•     Shanghai Petitioner Seized after Submitting Application to Protest

Forced Eviction and Demolition

  •     Guangxi Farmers Arrested after Scuffle over Land Requisition
  •     Elderly Anhui Resident Hospitalized after Violent Forced Eviction
  •     Seven Detained as Victims of Forced Evictions Protest in Changsha

Arbitrary Detention

Updates on Detentions and Disappearances Related to the “Jasmine Revolution” Crackdown

On April 19, Beijing-based human rights lawyer Jiang Tianyong (江天勇) returned home after a two-month-long period of enforced disappearance. According to Jiang’s wife, he appeared to be in decent health. That same day, lawyer Liu Xiaoyuan (刘晓原) posted a message on Twitter stating he had returned home as well. Liu went missing on April 14.[i]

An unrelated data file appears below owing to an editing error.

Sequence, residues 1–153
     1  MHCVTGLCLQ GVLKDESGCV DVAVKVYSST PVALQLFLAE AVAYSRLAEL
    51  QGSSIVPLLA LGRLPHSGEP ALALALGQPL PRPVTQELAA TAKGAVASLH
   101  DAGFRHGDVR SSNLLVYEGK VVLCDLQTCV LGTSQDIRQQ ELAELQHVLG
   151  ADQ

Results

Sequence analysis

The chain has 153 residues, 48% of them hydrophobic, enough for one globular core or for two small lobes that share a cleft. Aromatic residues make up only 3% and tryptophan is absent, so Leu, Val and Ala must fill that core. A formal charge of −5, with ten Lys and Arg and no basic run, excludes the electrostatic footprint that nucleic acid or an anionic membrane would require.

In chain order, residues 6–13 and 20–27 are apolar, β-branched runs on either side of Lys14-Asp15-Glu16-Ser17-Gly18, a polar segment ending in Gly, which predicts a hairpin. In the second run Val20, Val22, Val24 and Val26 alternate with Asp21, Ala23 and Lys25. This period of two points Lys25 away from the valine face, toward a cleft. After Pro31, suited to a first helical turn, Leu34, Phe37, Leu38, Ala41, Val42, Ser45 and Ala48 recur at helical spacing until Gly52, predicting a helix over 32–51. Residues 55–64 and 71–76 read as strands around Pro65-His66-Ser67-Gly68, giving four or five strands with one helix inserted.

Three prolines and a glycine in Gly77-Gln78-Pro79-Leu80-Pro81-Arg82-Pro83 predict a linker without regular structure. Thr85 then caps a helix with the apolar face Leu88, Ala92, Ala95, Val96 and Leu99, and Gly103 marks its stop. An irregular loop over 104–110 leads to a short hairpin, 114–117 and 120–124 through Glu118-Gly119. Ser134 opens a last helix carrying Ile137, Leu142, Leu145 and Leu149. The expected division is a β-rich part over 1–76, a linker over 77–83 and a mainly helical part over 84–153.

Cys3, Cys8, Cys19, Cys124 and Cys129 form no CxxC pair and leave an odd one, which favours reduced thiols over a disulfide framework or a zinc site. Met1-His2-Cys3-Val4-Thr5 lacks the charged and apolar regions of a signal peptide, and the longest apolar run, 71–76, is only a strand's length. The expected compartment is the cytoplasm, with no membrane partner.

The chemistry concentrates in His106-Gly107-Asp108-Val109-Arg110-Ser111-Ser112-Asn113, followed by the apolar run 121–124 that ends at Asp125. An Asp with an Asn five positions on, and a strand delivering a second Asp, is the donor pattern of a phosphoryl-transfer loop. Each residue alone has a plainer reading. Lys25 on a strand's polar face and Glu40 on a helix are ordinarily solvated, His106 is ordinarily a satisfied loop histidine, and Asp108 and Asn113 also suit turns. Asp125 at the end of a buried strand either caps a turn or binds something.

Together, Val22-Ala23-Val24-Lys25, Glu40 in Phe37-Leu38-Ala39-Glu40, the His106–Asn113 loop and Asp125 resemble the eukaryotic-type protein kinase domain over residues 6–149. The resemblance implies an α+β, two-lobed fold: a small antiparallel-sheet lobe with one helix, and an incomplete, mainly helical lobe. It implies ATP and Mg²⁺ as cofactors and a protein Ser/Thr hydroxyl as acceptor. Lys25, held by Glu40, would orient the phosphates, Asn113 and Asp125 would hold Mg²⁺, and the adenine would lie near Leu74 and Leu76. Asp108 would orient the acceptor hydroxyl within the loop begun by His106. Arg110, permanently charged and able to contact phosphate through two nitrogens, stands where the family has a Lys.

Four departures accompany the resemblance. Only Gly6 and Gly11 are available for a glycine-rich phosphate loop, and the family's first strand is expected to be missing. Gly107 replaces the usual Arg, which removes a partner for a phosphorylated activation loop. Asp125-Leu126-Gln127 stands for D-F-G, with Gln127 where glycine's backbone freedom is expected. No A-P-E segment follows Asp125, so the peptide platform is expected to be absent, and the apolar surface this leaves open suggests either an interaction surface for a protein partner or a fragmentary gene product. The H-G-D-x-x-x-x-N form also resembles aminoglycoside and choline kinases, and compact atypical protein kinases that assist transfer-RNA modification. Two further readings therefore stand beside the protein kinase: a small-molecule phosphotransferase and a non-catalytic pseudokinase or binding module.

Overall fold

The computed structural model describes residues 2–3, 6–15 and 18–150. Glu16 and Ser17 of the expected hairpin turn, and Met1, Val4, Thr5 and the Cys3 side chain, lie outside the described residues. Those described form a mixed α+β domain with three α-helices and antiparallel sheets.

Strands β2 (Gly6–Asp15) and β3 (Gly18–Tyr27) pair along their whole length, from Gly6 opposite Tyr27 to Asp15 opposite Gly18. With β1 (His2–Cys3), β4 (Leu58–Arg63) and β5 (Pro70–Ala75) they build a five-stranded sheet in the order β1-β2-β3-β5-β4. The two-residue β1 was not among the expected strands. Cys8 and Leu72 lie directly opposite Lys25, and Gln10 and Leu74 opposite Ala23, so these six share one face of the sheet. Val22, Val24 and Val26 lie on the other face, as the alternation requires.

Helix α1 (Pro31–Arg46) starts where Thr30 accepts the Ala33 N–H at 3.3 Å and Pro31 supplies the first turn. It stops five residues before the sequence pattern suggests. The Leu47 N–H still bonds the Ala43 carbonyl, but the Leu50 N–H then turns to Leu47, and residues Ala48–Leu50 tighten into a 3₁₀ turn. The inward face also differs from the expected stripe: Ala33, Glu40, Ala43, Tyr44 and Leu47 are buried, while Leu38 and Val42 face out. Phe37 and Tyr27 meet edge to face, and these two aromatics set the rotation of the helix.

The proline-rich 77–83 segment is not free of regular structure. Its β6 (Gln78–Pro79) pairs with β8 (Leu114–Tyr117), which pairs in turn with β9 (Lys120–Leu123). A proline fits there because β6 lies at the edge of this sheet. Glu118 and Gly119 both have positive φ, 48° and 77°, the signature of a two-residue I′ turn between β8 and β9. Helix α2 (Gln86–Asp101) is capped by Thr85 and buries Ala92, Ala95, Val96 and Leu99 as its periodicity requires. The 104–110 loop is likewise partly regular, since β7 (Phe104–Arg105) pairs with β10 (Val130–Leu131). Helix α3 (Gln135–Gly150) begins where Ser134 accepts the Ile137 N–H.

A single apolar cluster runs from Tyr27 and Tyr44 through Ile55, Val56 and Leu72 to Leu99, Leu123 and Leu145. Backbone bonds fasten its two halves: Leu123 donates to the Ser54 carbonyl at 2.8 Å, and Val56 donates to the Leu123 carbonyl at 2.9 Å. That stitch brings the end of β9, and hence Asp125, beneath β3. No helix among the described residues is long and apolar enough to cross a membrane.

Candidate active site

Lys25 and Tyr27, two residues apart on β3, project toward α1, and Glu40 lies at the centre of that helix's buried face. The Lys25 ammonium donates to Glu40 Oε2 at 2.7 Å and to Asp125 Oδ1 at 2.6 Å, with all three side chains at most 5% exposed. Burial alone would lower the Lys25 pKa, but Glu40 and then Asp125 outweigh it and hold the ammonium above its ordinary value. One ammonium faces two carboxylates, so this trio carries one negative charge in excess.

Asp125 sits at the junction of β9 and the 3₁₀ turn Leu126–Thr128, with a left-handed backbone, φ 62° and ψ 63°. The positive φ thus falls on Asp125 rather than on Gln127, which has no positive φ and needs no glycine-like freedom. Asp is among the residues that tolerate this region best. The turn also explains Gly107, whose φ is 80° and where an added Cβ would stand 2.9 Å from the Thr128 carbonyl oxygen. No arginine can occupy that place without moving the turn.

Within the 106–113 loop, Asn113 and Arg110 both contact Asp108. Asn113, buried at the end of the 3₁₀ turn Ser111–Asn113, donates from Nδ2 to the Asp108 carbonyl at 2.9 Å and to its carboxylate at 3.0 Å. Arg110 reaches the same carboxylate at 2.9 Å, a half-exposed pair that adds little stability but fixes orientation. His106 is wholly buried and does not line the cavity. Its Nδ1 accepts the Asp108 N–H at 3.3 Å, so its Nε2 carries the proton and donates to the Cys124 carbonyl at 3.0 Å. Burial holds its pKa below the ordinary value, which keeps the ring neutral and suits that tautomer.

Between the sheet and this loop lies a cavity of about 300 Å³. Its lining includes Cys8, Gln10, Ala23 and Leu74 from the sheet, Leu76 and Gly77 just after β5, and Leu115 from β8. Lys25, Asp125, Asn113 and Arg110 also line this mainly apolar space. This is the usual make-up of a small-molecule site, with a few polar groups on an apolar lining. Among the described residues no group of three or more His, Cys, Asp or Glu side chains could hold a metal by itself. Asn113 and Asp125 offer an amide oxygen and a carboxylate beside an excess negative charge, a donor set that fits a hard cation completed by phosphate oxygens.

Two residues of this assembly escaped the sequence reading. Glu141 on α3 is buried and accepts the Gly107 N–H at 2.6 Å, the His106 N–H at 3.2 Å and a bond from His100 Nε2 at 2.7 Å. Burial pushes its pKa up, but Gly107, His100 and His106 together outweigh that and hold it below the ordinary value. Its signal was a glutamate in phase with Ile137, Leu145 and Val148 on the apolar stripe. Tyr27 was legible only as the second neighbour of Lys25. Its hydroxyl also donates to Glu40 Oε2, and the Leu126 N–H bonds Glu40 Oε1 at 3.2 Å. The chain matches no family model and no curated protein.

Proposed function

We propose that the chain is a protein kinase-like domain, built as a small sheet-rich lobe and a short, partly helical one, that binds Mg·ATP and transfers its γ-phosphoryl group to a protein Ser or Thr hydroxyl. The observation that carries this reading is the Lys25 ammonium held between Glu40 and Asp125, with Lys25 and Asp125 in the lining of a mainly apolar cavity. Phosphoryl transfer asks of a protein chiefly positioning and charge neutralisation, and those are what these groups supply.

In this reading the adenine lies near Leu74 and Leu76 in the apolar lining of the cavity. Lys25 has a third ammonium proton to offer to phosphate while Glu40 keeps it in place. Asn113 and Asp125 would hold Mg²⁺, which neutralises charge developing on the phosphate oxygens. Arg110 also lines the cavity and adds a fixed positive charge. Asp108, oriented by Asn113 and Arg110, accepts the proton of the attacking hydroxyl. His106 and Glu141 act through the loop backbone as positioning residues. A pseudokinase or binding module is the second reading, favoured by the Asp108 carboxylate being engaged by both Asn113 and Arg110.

CHRD learned on April 14 that Beijing-based activist Ni Yulan (倪玉兰) has been criminally detained for “creating a disturbance.” This is the third occasion on which Ni has been detained for an extended period of time by Beijing police, and her family has raised serious concerns about her health. As the result of repeated episodes of torture over the past decade, Ni cannot walk and suffers from an assortment of chronic medical issues including difficulty breathing, heart problems, and digestive trouble. During her most recent period of detention and imprisonment, from 2008-2010, Ni was beaten, subjected to cruel and inhumane punishment, and denied proper medical attention. CHRD learned on April 16 that Dong Jiqin (董继勤), Ni’s husband, has also been criminally detained in Beijing for “creating a disturbance.” Dong was seized along with his wife on April 7.[ii]